What I've Learned in Feeding My Daughter Her First Year

My daughter is a year and a half, but I wrote this post when she was one year old.  Our definition of meals and snacks for our family has shifted. Last year, I published this post with tips for the transition to starting solids, but the eating adventure continues as your child grows.  Here are some things to remember with feeding as your infant transitions to toddlerhood:

1.  It all balances out. I try to remind myself of this every time my daughter has a day when she doesn't eat as much.  Some days will be better than others.  It is not about nutrients eaten over one day, but over time.

2.  Toddlers may slow down how much they are eating.  In the first year of life, infants may triple their birth weight!  Now that your child is getting older, he or she may have less of an appetite.  This scares some parents, but it is very normal.

3.  They are developing likes, dislikes and preferences. I don't like to call it "picky eating." It's actually a developmental milestone as children develop their tastes and preferences.  When my daughter was around 9 months old, she would eat anything on her plate.  Around one, she started tasting foods and spitting them out, and many times, not even trying foods at all.  Although it can be frustrating to us parents, our children are becoming more independent and making their own choices.

4.  It may take 15-20 attempts of offering a food before your child accepts it.  Keep offering and trying.  Additionally, what they like one day they may not like the next day.  My daughter loved salmon one week and when I offered it to her the following week, she wouldn't even touch it.  Along these same lines, sometimes toddlers get tired of a certain food (think about having the same dinner three nights in a row), my advice to this is to try to repurpose your food.  Have grilled vegetables for dinner, try adding these to a quesadilla the next day for lunch.

5. Meal planning and preparing in advance is key. Taking a little but of time on the weekends to get myself prepped for the week takes off a ton of stress (stay tuned for a blog post dedicated to meal planning).  After my daughter goes to sleep I spend a few minutes getting her meals prepped for the next day. This makes mornings just a little less stressful.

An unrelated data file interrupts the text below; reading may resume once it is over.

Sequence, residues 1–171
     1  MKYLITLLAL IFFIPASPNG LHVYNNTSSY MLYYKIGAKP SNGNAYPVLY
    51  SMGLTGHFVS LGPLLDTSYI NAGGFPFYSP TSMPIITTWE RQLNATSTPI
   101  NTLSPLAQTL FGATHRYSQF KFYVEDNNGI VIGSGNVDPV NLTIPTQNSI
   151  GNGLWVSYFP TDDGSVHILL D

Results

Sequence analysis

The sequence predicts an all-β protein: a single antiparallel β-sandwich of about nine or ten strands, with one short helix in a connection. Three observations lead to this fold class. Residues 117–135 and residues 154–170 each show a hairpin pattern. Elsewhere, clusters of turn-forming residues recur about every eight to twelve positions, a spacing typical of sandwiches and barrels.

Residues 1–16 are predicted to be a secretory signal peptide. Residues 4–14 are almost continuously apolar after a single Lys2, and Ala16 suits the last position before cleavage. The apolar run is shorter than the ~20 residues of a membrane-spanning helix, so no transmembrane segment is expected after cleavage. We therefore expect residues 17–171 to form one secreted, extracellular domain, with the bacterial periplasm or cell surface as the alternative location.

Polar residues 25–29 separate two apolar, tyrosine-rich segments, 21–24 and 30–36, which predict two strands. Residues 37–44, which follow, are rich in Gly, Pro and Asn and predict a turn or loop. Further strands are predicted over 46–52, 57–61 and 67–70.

6.  Remember the feeding relationship: parents are responsible for the what, where and when, and children are responsible for the how much and whether.  You can only offer your child food, and they are the ones to decide how much they want to eat.

7.  Give yourself a break.  You are doing the best that you can do.  We all have days where our children are going to eat nothing but plain cheerios for dinner or we have to do something we said we never would as a parent.  It's about balance.  You are doing great!

Happy eating :)

Recipe: Tofu, Veggie and Farro "Fried Rice"

Tofu veggie farro fried rice One pan meals are a favorite in my household: typically easy to make and less clean up after the little ones are asleep.  I love experimenting with new grains and packing in as much nutrition as possible into my meals.

A few more reasons I love this meal:

  • It's super easy.  I used a bag of frozen mixed vegetables.  I believe frozen vegetables are under appreciated.  They provide the same nutrition as fresh vegetables and can be prepared relatively quickly.  Just be careful for added ingredients like salt or butter (take a look at the ingredient statement to be sure you are only getting the vegetables).
  • Farro: a nutritional powerhouse packed with fiber and an excellent source of protein and nutrients like magnesium and iron.  Toddlers can be picky and grains seem to be a stable in our household.  I love to use grains that pack in that nutritional punch!
  • "Fried rice": to resemble the friend rice feel I add in a couple of scrambled eggs.  Protein, iron, Vitamin D... lots of nutrition here!

So... let's get cooking.  As with most of my recipes, feel free to add your own ingredients or play with the quantities, the possibilities are endless!


  • 3/4 cup cooked Farro (cook according to package directions)
  • 2 tbsp olive, avocado or canola oil
  • 1 package tofu (14 oz)
  • 10 oz package frozen mixed vegetables (whatever combination you prefer)
  • 2 eggs
  • 1/2 liquid aminos or low sodium soy sauce (optional)